Pill disposal alert!


On April 27, almost 743,000 pounds of prescription medications were collected from the public at more than 5,800 locations staffed by state, local, and tribal law enforcement agencies in partnership with the federal government. The event, National Prescription Drug Take-Back Day, is an initiative by the Drug Enforcement Agency.

To find a collection site near you, enter your location here or call 1-800-882-9539.

Since the first Take-Back day in October 2010, more than 2 million pounds of prescription drugs have been safely removed from circulation. That means 2 million pounds of drugs that won’t be misused, accidentally ingested and end up in our ground water, rivers and streams.

According to the Environmental Protection Agency, in homes that use septic tanks, prescription and over-the-counter drugs flushed down the toilet can leach into the ground and seep into groundwater. And in cities and towns where residences are connected to wastewater treatment plants, such medications poured down the sink or flushed down a toilet can pass through the treatment system and enter rivers and lakes. They may flow downstream to serve as sources for community drinking water. Water treatment plants are generally not equipped to routinely remove medicines.

If you can’t get to a collection spot, follow these rules for safe at-home disposal:

1) Don’t flush expired or unwanted prescription and over-the-counter drugs down the toilet or drain unless the label or accompanying patient information specifically instructs you to do so.

2) Take your prescription drugs out of their original containers.

3) Mix drugs with an undesirable substance, such as cat litter or used coffee grounds.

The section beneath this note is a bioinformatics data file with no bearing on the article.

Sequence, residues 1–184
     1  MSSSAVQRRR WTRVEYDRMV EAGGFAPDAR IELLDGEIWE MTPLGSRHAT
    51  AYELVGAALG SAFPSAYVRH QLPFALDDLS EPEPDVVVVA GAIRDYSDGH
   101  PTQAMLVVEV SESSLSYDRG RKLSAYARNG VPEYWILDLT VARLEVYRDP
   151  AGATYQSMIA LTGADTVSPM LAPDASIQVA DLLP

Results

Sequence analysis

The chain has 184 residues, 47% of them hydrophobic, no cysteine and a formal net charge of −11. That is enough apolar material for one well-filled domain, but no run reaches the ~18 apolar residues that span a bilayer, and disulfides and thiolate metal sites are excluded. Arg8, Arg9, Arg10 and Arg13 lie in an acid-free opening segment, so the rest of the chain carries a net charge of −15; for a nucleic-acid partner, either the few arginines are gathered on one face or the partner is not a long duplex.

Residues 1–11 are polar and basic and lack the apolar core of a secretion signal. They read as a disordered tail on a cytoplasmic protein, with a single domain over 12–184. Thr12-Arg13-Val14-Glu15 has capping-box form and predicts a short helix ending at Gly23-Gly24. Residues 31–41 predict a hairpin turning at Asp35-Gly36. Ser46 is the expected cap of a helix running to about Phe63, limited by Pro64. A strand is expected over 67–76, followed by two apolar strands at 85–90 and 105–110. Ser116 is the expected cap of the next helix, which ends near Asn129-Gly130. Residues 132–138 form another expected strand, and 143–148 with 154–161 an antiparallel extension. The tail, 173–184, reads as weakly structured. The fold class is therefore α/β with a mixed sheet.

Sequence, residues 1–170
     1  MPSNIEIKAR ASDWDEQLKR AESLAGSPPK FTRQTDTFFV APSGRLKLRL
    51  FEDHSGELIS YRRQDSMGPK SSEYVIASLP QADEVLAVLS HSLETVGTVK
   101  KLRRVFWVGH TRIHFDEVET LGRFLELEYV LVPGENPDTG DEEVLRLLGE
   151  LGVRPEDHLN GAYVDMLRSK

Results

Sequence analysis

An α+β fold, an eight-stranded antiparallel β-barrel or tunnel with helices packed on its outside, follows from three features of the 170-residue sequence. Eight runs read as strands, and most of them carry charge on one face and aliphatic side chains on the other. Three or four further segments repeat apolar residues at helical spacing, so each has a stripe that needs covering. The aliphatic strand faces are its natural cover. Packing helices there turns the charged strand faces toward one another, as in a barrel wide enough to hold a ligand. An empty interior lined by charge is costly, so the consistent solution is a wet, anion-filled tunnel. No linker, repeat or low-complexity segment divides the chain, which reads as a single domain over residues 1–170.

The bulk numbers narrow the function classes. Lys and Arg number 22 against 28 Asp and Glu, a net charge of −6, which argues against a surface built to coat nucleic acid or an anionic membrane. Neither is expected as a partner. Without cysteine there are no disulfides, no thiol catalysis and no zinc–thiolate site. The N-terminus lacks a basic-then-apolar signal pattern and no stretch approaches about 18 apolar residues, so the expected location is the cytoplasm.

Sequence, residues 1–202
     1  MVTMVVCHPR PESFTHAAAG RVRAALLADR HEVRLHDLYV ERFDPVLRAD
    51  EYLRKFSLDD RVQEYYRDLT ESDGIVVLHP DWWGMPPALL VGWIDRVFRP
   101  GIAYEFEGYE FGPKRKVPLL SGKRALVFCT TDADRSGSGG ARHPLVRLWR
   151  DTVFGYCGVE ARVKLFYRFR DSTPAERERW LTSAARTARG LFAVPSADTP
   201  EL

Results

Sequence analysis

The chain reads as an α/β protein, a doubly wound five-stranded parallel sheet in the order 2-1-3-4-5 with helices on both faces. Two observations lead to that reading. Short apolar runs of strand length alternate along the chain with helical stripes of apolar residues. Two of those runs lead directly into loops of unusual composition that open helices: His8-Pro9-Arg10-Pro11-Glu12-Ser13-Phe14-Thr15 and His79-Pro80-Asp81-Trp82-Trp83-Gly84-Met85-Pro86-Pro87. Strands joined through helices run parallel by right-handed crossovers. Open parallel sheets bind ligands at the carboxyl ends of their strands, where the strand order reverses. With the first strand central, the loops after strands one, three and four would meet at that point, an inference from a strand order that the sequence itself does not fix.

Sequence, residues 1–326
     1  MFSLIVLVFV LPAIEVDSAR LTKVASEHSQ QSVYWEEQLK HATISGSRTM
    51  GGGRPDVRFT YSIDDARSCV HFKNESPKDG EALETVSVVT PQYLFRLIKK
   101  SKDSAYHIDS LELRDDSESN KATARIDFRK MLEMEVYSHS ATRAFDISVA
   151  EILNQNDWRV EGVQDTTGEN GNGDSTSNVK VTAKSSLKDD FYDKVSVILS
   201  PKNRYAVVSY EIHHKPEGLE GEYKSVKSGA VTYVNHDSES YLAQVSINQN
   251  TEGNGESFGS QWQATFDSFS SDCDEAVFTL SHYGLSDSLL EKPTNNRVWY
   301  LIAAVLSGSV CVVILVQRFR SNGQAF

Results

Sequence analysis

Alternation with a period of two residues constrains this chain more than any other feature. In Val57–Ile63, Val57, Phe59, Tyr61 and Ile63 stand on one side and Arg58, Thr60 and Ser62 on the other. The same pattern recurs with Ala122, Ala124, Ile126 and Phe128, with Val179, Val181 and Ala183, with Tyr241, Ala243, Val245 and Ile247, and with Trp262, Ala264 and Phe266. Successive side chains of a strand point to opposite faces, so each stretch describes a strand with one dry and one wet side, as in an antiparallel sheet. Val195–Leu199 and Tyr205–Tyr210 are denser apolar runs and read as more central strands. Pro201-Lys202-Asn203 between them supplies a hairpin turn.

4) Put the mixture into a disposable container with a lid, such as an empty margarine tub, or into a sealable bag.

5) Conceal or remove any personal information, including Rx number, on the empty containers by covering it with permanent marker or duct tape, or by scratching it off.

6) Place the sealed container with the drug mixture, and the empty drug containers, in the trash.



Previous articleMultiple sclerosis more common in black women than white women
Next articleMake Mother’s Day the start of Mom Health Week”
Profile photo of Pain Resource Staff
The Pain Resource Staff includes the [both current and former] writers, editors, and producers, of miscellaneous online or published content. When we feature guest writers, multiple contributing writers on one article, or submit announcements, you'll see us posting with this account. Proper credit for the actual author(s) or content creator(s) will be listed in, under, or on, the content itself. In very rare cases, The Pain Resource Staff account may be used as a top-level content attribution when we lack a proper Author Biography from the content creator(s). (Note that we would never post content without author credit! We may just lack the author's biographical data to display on the page.) If you have submitted content for Pain Resource, and you would like for your Author Biography to appear on the content's page, please send proof of authorship and the name of the article you are requesting to have top-level attribution for, to submissions@painresource.com. We'll also need the biography itself, as well as a headshot of you. Thanks very much!